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How Former West Virginia Head Coach Rich Rodriguez Changed History

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You might know the story, but do you know the story?

Toyota Gator Bowl: West Virginia v Georgia Tech Photo by Marc Serota/Getty Images

I was at West Virginia University during Rich Rodriguez’s tenure as head coach. I got to school right after the 3-8 freshman season for “RichRod”. I graduated in 2004 and then proceeded to watch my alma mater go from an 8- or 9-win team to a powerhouse behind the legs of Pat White and Steve Slaton. Throughout it all I kept thinking to myself, “West Virginia is lucky to have found a coach who is at home. Any other coach would be looking to move on quickly”. Turns out I was more wrong than I was right.

In 2005, West Virginia saw a resurgence, partly behind the play of phenomenal freshmen Pat White and Steve Slaton, partly behind the weakened Big East following the departure of “The U” and Virginia Tech. The void left by the departure of the two strongest programs in the Big East, along with the exodus of Boston College, meant someone was going to rise to the top.

West Virginia would rise to the top. A loss to Virginia Tech was the only blemish on the 2005 season. The 2006 season started and WVU found themselves starting in the top 5. Losses to Louisville and South Florida would keep WVU from winning the Big East but it helped establish Rodriguez as one of the hottest coaching prospects in the game. West Virginia was running a brand new “spread” concept with zone-reads and quarterback keepers.

Rich Rod and Alabama

With another 10-win season in the books, Rodriguez began fielding calls from schools looking for their next coach. The big fish that came calling was Alabama. Alabama let go of Mike Shula following his 4th consecutive loss to Auburn after the Tide took a step back from a 10-win season in 2005 to a 6-win season in ‘06.

For Alabama, six wins is unacceptable. For Mike Shula, one 10-win season couldn’t do enough to easy the multiple losses to Auburn. Alabama notified Shula he would not be retained as head coach and went about finding their next head coach. They would contact Nick Saban, Frank Beamer, Steve Spurrier and WVU head coach Rich Rodriguez. After Nick Saban initially turned down the Tide, Rodriguez became the favorite. He accepted the job. In our reality, Rodriguez would get cold feet and get a great offer from boosters to stay.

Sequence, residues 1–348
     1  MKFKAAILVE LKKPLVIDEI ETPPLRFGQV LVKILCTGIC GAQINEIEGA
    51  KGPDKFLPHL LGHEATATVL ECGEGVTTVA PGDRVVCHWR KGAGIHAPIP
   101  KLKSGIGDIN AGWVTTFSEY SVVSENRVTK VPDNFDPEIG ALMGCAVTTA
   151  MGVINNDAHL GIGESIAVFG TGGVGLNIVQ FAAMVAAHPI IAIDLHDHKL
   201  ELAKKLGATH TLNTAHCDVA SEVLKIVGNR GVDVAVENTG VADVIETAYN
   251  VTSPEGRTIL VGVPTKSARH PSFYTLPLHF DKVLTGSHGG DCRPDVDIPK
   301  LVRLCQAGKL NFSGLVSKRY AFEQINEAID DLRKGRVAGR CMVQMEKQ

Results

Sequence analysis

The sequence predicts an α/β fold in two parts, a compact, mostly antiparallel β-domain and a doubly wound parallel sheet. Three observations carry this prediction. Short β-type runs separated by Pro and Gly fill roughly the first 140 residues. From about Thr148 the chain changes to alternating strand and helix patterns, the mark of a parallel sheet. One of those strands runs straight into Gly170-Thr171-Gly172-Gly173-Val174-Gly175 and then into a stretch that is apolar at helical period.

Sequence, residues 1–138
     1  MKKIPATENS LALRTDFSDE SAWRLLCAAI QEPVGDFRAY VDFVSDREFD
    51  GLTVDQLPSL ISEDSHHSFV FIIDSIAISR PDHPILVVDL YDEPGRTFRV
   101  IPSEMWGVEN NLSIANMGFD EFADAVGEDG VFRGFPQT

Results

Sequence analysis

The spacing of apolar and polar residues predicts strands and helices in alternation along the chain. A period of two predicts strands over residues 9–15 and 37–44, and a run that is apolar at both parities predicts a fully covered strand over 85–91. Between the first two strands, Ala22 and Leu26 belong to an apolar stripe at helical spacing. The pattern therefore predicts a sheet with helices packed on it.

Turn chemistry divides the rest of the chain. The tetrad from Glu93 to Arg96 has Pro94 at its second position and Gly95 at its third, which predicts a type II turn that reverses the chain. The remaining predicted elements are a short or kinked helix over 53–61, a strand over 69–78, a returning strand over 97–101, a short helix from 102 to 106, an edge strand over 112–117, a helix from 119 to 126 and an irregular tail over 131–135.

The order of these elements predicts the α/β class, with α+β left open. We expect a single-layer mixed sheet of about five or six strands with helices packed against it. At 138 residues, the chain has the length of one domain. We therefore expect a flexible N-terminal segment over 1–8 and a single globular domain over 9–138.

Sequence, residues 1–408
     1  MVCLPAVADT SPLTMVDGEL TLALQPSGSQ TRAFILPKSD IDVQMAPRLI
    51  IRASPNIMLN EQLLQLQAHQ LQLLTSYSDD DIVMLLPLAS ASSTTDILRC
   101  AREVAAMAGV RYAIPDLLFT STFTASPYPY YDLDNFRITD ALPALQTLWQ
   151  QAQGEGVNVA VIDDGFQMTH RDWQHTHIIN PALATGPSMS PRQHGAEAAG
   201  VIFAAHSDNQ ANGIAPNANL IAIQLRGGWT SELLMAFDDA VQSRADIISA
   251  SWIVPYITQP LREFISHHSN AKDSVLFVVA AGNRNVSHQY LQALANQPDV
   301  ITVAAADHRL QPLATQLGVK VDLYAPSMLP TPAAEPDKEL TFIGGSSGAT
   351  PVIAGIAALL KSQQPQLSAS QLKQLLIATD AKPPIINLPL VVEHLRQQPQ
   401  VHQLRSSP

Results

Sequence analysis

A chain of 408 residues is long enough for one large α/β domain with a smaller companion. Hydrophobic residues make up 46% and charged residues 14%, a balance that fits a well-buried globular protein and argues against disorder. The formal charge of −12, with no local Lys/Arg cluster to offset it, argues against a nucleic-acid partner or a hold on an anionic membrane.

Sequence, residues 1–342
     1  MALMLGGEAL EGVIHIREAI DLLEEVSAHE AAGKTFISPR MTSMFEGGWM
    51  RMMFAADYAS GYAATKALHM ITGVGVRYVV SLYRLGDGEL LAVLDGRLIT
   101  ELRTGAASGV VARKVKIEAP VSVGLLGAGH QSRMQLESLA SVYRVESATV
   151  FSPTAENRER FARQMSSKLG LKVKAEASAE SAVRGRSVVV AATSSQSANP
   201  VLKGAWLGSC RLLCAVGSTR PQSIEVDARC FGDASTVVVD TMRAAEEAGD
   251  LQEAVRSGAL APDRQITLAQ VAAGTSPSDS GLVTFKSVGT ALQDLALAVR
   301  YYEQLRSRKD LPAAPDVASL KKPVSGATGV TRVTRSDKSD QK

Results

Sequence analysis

The actual truth is West Virginia mega boosters, including Arizona Diamondbacks managing partner Ken Kendrick, asked Rodriguez Dec. 7 what it'd take to get him to stay. By the next day, West Virginia and its boosters were offering him a big raise and facility improvements.

Rapoport believes he may have unwittingly played a part in Rodriguez's decision to the detriment of his report.

"I know that reporting it that night gave West Virginia boosters an opportunity to raise money and get Rich Rodriguez a new contract," he said. "If I stayed quiet and he just went to tell his team the next day, my guess is he'd probably still be Alabama's coach." - Ian Rappaport Recalls Rodriguez and Alabama

What would have happened had Rodriguez taken the Alabama job in 2006? Would history have changed?

West Virginia And Its New Head Coach

Assuming that Rodriguez has now left to become the head coach at Alabama and followed suit like he did in 2007, stealing most of his staff, the administration would have had a new coaching search on its hands. In 2007, Bill Stewart took over a team in disbelief before a big time bowl game, won the bowl game and took over as the next head coach. In 2006, the same coaching candidates would have surfaced but this time, instead of the big emotional win against a nationally known opponent, WVU was facing Chan Gailey and the Georgia Tech Yellow Jackets. Win or lose, Stewart wasn’t going to get the job in 2006. So the job would fall to Skip Holtz at East Carolina.

With Rodriguez at Alabama, Nick Saban would not be wooed out of the NFL. He remained with the Miami Dolphins. As the NFL Draft approached, Saban made his feelings known that he wanted a tough, hard-nosed defense. With the ninth overall selection, Miami took Patrick Willis who immediately changed the outlook of football in South Florida. Willis’ 174 tackles would lead Miami to the playoffs as a wild card team. Saban would receive a 5-year extension and never return to the college ranks again.

Miami Dolphins vs Cleveland Browns - November 20, 2005 Photo by Jamie Mullen/NFLPhotoLibrary

The Rest Of The Fallout

Another fall-out of the Saban and Rodriguez decisions is the recruiting class at Alabama. Rodriguez, opting for players who fit his spread, zone-read scheme, saw significant turnover in the Shula class. Noel Devine shunned the Mountaineers and bolted to Alabama, following Rodriguez. Devine, the next great running back at West Virginia, who helped defeat the mighty Sooners in the post-Backyard Brawl-that-never-happened Fiesta Bowl, would find life harder in the SEC.

Lost in all of this is the Mad Hatter, Les Miles. Les, who just never seemed to gain the full support of the LSU fanbase, would win the national title in 2007. LSU should be a destination school but Les Miles is known to do things his own way. When Michigan came calling in 2007, and with Rodriguez settling into SEC life, Les Miles bolted LSU for Michigan, his alma mater.

As you can see, Rich Rod is to blame for everything that happened in 2007. If Richard Rodriguez had taken the Alabama job in 2006, Nick Saban would have never descended back into college football. Les Miles would have left LSU 10 years ago and West Virginia never would have been subjected to 13-9.